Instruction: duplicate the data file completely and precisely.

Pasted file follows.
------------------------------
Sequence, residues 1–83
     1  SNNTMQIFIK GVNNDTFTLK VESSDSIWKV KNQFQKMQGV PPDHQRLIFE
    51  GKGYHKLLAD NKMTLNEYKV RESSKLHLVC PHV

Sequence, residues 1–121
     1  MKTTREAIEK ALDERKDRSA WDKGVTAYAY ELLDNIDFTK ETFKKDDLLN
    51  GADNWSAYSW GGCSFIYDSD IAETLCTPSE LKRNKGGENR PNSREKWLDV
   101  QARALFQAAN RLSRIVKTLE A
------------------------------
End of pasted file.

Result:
Sequence, residues 1–83
     1  SNNTMQIFIK GVNNDTFTLK VESSDSIWKV KNQFQKMQGV PPDHQRLIFE
    51  GKGYHKLLAD NKMTLNEYKV RESSKLHLVC PHV

Sequence, residues 1–121
     1  MKTTREAIEK ALDERKDRSA WDKGVTAYAY ELLDNIDFTK ETFKKDDLLN
    51  GADNWSAYSW GGCSFIYDSD IAETLCTPSE LKRNKGGENR PNSREKWLDV
   101  QARALFQAAN RLSRIVKTLE A